Home History A Global History of Child Death: Mortality, Burial, and Parental Attitudes
Nineteenth Century England and America
In nineteenth century England and America, child death was a predominant theme in both literature and poetry. Some of the most popular works included: Stepping Heavenward (1869), The Empty Crib (1873), Agnes and the Key of Her Little Coffin (1857), Our Children in Heaven (1870), and Gates Ajar (1868). Gates Ajar by Elizabeth Stuart Phelps was written in response to the aftermath of the Civil War.
As noted above, poems served to educate parents in appropriate mourning in addition to providing consolation; they advised parents not to weep as the child was “now [thought to be] an angel”. In a poem written to a deceased child, Felicia Hemans explains that openly mourning and the use of funerary symbols were denied, even for a beloved child. “No bitter tears for thee.. .We rear no marble o’er thy tomb; No sculptured image there shall mourn”.25
Despite, the belief that expressions of grief should be tempered, colonial mothers (and indeed, mothers everywhere) insisted that it was biology, carrying the child for nine months and subsequently nursing for as many as three years, which entitled her to mourn. While in the above poem, Felicia Hemans advises steadfastness, she later says to her grieving sister in a letter “I can feel deeply for the sorrow you communicate to me; it is one which Heaven has yet graciously spared me; but the imagination.. .has often brought all the sufferings of that particular bereavement before me, with a vividness from which I have shrunk almost in foreboding terror. And I have too those sick and weary yearnings for the dead.”26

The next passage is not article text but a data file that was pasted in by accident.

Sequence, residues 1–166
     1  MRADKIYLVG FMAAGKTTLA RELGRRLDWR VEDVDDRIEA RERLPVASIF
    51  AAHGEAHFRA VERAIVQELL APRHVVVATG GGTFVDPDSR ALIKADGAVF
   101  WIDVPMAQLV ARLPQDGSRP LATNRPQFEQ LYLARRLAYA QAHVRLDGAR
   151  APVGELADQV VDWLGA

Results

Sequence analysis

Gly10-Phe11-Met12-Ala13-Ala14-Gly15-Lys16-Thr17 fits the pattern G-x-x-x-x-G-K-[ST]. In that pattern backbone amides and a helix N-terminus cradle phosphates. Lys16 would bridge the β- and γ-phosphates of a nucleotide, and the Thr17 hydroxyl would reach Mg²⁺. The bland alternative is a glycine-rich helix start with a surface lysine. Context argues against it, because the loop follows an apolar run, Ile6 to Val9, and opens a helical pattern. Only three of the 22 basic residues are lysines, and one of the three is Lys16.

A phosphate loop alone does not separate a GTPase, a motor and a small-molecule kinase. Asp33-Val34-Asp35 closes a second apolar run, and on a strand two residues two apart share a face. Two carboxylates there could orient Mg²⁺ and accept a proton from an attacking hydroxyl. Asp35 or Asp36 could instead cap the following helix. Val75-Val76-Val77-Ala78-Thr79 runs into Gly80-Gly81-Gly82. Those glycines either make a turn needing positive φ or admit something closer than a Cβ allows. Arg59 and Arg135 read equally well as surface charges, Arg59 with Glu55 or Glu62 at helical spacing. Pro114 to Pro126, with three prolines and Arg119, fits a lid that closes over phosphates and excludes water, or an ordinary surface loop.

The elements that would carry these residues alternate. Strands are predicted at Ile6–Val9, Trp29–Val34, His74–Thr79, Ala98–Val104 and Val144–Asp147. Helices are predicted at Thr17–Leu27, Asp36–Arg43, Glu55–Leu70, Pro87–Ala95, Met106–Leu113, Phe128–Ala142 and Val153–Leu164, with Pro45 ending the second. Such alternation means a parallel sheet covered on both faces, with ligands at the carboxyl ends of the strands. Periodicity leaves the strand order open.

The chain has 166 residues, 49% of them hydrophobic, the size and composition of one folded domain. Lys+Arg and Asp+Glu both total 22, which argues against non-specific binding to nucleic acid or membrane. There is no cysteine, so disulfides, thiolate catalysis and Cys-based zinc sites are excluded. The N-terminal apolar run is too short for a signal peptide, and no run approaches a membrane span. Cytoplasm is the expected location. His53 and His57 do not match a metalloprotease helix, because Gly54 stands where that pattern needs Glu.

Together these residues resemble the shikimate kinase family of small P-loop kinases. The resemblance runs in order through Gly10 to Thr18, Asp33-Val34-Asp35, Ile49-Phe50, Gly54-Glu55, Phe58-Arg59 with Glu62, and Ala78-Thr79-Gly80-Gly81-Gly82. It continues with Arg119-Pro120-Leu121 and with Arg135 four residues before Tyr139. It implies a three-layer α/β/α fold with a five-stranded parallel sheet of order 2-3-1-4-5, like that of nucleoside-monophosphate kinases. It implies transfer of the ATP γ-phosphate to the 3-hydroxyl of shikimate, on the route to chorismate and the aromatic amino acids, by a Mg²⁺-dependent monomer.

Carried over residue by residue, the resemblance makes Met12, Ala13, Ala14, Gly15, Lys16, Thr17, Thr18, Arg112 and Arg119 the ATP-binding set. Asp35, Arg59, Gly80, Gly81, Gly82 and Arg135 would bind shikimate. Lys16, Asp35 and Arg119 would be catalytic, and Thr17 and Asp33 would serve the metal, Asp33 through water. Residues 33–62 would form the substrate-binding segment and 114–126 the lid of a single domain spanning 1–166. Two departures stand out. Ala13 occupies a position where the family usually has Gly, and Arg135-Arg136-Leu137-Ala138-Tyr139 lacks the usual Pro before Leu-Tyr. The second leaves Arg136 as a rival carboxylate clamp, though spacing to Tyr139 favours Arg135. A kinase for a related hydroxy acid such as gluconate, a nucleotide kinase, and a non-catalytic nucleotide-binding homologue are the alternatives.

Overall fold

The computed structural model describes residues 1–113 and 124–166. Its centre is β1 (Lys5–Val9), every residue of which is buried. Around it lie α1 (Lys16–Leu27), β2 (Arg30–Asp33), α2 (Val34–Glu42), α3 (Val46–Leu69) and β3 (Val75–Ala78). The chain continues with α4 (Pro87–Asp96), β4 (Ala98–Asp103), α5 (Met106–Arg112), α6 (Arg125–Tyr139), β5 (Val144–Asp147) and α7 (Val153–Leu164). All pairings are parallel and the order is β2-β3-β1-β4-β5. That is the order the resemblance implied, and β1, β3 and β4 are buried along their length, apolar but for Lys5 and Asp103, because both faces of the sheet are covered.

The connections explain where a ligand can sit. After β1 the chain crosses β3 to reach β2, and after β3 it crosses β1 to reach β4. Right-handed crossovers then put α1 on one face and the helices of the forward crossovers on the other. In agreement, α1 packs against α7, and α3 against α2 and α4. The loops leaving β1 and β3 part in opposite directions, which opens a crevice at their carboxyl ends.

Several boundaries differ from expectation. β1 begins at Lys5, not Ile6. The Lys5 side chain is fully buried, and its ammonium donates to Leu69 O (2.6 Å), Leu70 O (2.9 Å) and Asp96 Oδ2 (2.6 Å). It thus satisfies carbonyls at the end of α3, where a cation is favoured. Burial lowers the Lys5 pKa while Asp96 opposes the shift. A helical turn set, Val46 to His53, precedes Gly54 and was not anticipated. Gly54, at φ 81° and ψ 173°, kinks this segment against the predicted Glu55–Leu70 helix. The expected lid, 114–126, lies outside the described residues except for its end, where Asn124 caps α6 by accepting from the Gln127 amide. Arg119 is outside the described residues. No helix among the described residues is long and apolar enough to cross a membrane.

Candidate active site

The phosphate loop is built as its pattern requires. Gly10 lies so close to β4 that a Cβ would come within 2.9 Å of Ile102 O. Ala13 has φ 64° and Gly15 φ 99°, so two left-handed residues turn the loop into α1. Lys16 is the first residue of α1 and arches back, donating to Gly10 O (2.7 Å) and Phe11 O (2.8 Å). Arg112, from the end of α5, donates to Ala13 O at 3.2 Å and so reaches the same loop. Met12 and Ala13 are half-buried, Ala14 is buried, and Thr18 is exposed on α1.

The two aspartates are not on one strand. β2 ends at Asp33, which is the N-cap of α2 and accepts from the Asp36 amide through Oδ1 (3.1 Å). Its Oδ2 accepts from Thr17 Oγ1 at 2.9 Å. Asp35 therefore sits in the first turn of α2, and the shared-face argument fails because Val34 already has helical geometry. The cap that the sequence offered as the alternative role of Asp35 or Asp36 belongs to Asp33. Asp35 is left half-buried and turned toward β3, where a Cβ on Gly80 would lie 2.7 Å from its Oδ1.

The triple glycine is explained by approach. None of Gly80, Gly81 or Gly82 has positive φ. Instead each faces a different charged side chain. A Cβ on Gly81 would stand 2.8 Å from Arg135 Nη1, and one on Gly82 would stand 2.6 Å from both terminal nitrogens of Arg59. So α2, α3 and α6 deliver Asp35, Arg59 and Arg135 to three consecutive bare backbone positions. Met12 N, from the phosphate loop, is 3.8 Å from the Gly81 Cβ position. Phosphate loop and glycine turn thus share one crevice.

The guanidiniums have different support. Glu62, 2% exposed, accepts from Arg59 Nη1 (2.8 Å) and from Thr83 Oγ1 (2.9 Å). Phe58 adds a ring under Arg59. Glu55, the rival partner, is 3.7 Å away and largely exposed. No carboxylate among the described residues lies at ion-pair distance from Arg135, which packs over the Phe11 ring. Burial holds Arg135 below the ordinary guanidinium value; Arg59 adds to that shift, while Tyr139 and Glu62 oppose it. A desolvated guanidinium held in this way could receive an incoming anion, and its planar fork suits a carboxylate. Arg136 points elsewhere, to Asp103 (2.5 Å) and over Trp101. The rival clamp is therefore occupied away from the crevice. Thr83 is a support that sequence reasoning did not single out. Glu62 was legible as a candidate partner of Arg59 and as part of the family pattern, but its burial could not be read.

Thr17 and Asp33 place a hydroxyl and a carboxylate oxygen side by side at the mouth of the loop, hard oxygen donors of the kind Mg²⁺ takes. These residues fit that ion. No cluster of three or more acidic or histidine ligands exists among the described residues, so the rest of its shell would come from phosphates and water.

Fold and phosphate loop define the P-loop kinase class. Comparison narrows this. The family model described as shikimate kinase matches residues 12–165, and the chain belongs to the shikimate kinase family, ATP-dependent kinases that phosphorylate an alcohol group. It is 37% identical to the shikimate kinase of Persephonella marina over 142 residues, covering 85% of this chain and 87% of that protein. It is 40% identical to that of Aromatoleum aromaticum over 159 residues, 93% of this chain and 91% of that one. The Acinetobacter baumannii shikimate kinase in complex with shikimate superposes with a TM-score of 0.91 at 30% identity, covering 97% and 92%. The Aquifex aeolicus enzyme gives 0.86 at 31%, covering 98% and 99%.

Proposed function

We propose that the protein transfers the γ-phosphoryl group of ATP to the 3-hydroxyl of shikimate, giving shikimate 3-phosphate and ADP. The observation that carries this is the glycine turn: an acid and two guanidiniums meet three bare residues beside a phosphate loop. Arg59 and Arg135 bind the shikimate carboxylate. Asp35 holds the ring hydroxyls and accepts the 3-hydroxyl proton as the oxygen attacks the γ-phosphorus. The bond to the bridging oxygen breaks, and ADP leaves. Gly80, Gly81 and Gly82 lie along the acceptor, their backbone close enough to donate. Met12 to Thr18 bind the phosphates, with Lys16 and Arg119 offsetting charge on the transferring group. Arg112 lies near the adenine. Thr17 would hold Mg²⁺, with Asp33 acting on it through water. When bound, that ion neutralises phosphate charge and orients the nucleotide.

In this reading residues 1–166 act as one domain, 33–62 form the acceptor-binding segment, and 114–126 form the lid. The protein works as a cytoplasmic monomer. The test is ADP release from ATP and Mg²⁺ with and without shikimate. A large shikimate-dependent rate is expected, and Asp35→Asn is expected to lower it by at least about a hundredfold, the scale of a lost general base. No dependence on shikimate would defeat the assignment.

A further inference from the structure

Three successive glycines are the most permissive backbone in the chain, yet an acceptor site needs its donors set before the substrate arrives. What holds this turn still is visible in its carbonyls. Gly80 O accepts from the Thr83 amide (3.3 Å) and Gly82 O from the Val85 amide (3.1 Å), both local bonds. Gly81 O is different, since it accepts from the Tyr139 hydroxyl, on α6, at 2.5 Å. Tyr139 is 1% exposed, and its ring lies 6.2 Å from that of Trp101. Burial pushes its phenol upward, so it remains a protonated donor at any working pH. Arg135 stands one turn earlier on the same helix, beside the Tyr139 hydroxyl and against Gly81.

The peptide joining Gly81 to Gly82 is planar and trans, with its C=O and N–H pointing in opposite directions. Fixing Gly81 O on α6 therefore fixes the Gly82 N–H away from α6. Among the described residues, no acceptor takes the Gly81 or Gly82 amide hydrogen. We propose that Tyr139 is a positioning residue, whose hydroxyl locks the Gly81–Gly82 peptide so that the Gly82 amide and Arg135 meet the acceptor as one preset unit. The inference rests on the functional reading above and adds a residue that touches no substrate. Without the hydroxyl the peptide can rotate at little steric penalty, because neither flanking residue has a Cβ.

During the eighteenth century the Quakers in Philadelphia counseled parents to find consolation in resignation to “God’s will”. Mourning was a process through which the living “took stock of their own spiritual health” and prepared for their own death. While parents were also urged to keep “due distance” from infants in order to protect themselves from the grief that the child’s death would bring, parents, mothers in particular, found respite in a new form of consolation literature beyond the emotionally charged poetry that stemmed from this time. Lowry Wister, an eighteenth century Philadelphia mother, provided us with an example of consolation literature, likely meant to be private, in the form of a diaries and letters to her sister and children. Shortly after her three year old son’s unexpected death from small pox, Wister set out to describe the events and her attendant feelings about her young child’s demise. In her narrative Wister does not discuss the preparation of the body, burial or any other mourning rituals, which are often public. Instead, she only writes about the grief she experiences. But by expressing her grief and even questioning the doctor’s choice of treatment for her son, she is retaliating against the notion of resignation. By “textualizing her loss” she memorializes the bond she had with her son.27
By basis of comparison, Wister’s twenty year old daughter Sarah wrote a more typical example of consolation which was tinged with the concept of resignation: “in the full bloom of health and beauty it pleas’d the Lord of heaven to call him from a world of woe and misery in to the regions of happiness...” Contrasting this with Mrs. Wister’s remembrance of her son’s last words ‘‘mamy where is thee.’...[ these words] everlastingly engraven on my heart”, illustrates the private realm of a mother’s grief versus societal expectations. These writings helped to support new modes of allowing other women to similarly grieve.28
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